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The Florida Department of Health works to protect, promote, and improve the health of all people in Florida through integrated state, county, and community efforts.
Contact the Bureau of Chronic Disease Prevention
Bureau of Chronic Disease Prevention - Heart Disease
4052 Bald Cypress Way Bin A18
Tallahassee, FL 32399
If you have a heart attack or stroke, you are more likely to survive if you know the warning signs. If these warning signs are present, CALL 9-1-1.
You may have one or more of the following signs of a heart attack. Heart attack symptoms may also be different in men and women.1
It is important to know the signs of a stroke so that patients can receive treatment as soon as possible and reduce damage to the brain. Rehabilitation and prompt medical treatment can help a person recover from the effects of stroke and prevent another stroke from occurring.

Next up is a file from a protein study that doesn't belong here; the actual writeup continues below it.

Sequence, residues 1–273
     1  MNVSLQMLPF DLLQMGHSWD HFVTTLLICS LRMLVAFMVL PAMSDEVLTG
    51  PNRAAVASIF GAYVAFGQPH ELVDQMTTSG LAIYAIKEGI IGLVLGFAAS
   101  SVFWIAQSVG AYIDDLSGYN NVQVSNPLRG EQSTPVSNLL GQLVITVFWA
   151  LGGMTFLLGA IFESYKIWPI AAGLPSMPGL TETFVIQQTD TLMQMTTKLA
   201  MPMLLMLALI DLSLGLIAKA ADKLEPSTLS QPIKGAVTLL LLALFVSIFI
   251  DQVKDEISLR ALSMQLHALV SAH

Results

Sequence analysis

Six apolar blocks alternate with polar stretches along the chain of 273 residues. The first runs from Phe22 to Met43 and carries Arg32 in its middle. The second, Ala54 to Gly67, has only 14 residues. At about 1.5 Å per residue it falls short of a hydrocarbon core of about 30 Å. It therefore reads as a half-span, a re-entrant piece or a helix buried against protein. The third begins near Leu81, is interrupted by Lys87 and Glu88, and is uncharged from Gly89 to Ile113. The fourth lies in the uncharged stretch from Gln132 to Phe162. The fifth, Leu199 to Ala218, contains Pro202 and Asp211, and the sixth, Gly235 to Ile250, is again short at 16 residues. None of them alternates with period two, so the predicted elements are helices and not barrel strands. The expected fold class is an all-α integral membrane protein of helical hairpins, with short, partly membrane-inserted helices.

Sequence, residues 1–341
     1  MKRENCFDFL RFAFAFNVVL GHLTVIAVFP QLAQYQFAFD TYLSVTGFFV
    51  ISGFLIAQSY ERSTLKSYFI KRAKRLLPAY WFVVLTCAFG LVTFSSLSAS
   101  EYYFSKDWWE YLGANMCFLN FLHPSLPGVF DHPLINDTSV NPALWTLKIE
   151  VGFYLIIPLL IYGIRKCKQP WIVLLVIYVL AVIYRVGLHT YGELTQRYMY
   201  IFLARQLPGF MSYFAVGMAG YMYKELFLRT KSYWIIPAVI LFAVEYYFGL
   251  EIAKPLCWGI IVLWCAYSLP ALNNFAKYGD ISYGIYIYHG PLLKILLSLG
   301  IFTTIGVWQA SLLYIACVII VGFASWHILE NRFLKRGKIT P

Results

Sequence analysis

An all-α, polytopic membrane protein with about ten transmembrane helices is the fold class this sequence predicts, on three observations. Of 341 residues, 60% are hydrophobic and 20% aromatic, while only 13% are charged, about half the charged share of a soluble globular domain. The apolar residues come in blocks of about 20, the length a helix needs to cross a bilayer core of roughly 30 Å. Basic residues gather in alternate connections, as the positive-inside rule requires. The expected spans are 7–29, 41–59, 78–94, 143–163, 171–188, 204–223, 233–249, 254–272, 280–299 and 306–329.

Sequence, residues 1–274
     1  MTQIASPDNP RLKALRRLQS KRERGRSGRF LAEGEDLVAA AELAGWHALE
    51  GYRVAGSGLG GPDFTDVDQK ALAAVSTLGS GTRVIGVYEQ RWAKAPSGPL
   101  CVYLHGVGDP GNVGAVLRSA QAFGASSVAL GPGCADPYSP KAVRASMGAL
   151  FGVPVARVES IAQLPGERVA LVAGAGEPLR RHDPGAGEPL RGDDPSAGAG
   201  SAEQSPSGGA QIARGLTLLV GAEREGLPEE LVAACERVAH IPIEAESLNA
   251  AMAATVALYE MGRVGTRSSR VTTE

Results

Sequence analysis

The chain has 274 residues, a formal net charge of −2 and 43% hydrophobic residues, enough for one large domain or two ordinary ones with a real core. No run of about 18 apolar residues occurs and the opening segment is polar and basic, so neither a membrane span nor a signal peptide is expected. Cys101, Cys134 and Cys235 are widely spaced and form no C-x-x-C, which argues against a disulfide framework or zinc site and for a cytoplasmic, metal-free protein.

The F.A.S.T. test is an easy way to remember the symptoms of a stroke.2
- F means Face—If one side of the face droops, it’s a sign of a possible stroke.
- A means Arms—If the person cannot raise both arms out, it’s another possible stroke sign.
- S means Speech—Slurring words and poor understanding of simple sentences is another possible stroke sign.
- T means Time—If you see any of these signs, it’s time to call 9-1-1 immediately.
- Centers for Disease Control and Prevention (CDC), National Center for Chronic Disease Prevention and Health Promotion, Division for Heart Disease and Stroke Prevention, 2015. Heart attack signs and symptoms. Retrieved December 3, 2019, from: https://www.cdc.gov/heartdisease/signs_symptoms.htm
- CDC, National Center for Chronic Disease Prevention and Health Promotion, Division for Heart Disease and Stroke Prevention, 2019. Stroke signs and symptoms. Retrieved December 3, 2019, from: https://www.cdc.gov/stroke/signs_symptoms.htm
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